I joined Princeton’s Program in the Ancient World in 2014 after receiving a MAR in the History of Christianity from Yale University and degrees in Religious Studies and Philosophy from the University of North Carolina at Chapel Hill. My interests cluster around Christians in the later Roman Empire, book history, legal history, and the history of epistemology.
My dissertation approaches Christianization from a new angle: not the Christianization of people, but of structures of knowledge. In it, I trace changes to documentary practice and readerly expectations across technical literature from the late fourth through the middle of the fifth century CE. I explore late antique scholarly productions ranging from Christian theological tractates and conciliar acta to Roman juristic writings and authoritative legal compendia, military handbooks, grammatical treatises, and the Palestinian Talmud in order to explore the ways that imperial Christianity inflected the production of truth even in domains that do no constructive theological work. Bishops, rabbis, and jurists in the Theodosian era produced definitive statements of sophisticated intellectual traditions with startlingly similar forms, and I argue that all are best understood as products of a considerably unified, and novel, book culture that arose in the peculiar Theodosian moment.
I am co-director of the Solomon’s Pools Archaeological Project, and a field archaeologist with the Jezreel Valley Regional Project, where I focus on excavation of the Roman 6th Legion “Ferrata” castra in Legio, Israel.
I am a fellow of the American Academy in Rome (FAAR’19) and the American School of Classical Studies in Athens. In fall 2019 I will be a Visiting Scholar in the Dipartimento di Scienze dell’Antichità of La Sapienza University, Rome, and I will spend spring and summer of 2020 in Athens as the Oscar Broneer Traveling Fellow of the American School of Classical Studies.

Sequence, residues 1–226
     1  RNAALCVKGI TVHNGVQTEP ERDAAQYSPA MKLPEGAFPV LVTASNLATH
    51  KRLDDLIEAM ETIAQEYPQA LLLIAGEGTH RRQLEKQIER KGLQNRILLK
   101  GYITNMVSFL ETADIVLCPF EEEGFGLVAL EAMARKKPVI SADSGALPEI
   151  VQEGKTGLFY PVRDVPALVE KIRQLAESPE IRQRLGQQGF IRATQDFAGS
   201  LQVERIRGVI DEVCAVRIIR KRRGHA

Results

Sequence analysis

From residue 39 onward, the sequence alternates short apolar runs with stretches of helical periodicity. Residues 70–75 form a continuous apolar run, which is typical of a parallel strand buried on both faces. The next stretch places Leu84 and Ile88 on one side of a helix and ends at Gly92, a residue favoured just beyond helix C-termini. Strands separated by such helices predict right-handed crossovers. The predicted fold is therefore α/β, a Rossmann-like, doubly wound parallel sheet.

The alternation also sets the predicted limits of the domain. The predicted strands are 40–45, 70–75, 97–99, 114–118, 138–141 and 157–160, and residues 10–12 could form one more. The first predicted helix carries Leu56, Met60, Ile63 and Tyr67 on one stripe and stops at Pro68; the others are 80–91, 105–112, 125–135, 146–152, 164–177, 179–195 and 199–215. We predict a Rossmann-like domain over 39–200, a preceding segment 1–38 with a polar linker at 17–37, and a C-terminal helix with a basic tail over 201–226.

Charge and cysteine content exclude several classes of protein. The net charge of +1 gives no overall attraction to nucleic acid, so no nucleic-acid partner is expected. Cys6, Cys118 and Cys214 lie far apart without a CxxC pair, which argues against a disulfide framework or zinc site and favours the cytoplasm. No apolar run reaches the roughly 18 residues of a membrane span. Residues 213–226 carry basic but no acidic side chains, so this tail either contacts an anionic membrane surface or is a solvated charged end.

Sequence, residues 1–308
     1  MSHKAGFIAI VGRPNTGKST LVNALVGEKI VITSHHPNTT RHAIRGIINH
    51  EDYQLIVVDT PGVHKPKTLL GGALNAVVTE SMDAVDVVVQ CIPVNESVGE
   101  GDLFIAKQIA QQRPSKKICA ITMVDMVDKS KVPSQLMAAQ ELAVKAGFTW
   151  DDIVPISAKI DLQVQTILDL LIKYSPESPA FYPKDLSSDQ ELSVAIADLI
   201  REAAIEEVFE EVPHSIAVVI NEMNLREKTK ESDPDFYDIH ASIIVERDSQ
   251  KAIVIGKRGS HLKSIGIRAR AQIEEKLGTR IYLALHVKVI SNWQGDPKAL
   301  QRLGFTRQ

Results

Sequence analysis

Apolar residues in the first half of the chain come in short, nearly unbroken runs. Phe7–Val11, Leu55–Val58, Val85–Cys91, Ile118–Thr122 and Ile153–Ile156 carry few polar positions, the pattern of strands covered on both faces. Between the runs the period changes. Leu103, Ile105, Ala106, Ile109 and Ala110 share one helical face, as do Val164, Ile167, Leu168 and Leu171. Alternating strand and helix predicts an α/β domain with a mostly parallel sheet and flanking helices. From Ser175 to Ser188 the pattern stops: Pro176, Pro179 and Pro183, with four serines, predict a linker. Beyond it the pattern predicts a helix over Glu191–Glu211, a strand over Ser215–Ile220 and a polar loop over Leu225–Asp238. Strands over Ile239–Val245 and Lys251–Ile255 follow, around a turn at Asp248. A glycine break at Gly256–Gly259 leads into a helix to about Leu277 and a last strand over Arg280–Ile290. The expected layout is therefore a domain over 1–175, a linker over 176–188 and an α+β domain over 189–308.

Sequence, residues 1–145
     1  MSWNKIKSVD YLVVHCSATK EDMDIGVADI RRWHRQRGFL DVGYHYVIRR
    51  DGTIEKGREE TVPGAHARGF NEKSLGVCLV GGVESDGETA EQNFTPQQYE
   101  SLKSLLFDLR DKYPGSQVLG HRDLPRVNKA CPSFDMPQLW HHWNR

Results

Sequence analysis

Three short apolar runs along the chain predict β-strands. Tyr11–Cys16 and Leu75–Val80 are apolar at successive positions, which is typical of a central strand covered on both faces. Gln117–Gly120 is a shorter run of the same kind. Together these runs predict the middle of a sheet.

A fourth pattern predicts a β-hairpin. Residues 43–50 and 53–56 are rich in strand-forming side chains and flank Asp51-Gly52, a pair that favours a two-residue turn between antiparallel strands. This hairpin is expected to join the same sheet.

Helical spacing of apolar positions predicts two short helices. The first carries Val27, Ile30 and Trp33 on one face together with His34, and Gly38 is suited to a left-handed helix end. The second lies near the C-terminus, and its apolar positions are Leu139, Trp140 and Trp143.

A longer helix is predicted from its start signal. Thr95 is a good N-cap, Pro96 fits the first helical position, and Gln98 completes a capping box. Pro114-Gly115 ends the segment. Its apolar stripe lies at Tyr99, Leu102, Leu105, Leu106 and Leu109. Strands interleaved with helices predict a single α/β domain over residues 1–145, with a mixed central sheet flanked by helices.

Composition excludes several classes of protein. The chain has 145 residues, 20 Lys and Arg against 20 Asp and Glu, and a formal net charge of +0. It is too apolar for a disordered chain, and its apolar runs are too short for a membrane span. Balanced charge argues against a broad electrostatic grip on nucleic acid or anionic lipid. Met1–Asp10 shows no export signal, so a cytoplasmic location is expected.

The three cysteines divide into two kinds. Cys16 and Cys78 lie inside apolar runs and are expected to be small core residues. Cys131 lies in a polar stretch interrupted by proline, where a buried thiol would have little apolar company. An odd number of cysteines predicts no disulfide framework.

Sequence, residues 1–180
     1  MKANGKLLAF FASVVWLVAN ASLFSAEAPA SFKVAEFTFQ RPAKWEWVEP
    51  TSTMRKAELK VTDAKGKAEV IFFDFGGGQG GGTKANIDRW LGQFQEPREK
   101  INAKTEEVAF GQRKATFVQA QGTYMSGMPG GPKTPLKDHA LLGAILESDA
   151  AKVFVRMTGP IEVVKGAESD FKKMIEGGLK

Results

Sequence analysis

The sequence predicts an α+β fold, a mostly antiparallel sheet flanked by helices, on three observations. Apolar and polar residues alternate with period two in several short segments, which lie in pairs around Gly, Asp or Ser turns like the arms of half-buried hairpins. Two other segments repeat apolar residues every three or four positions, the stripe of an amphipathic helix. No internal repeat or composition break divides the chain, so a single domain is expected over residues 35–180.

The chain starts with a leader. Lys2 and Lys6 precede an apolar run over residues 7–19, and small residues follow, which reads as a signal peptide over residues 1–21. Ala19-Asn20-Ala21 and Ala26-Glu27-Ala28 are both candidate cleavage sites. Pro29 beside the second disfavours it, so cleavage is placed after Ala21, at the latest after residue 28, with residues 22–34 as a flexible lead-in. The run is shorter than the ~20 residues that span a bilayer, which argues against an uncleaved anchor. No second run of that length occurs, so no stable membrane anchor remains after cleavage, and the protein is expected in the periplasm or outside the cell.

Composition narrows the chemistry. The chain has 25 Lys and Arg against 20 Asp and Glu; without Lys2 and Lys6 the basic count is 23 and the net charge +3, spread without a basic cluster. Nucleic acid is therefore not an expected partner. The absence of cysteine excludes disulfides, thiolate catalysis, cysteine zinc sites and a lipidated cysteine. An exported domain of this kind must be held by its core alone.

- “Christians and the Codex: Generic Materiality and Early Gospel Traditions” with Matthew D. C. Larsen. Journal of Early Christian Studies 27.3 (2019): 383–415.
- Review of Brent Nongbri, God’s Library: The Archaeology of the Earliest Christian Manuscripts. Journal of Late Antiquity 12.2 (2019).
- “Survey and excavations at Solomon’s Pools, Palestine: 2018 preliminary report” with Matthew J. Adams. Palestinian Exploration Quarterly 151.1 (2019): 15–35.
- Rethinking ‘Authority’ in Late Antiquity: Authorship, Law, and Transmission in Jewish and Christian Tradition, edited with AJ Berkovitz. Routledge Monographs in Classical Studies. London: Routledge, 2018.
- “Authority in Contemporary Historiography” with AJ Berkovitz in Rethinking ‘Authority’ in Late Antiquity eds. Berkovitz and Letteney. London: Routledge, 2018.
- “Authenticity and Authority: the case for dismantling a dubious correlation” in Rethinking ‘Authority’ in Late Antiquity eds. Berkovitz and Letteney. London: Routledge, 2018.
- Review of Uta Heil, Annette von Stockhausen (eds.), Die Synoden im trinitarischen Streit: Über die Etablierung eines synodalen Verfahrens und die Probleme seiner Anwendung im 4. und 5. Jahrhundert. Bryn Mawr Classical Review 2018.03.50
- Review of Noel Lenski, Constantine and the Cities: Imperial Authority and Civic Politics. Ancient Jew Review, October 2017
- “Toward a New Scribal Tendency: reciprocal corruptions and the text of 1 Corinthians 8:2-3” Journal of Biblical Literature 135.2 (2016): 389-402.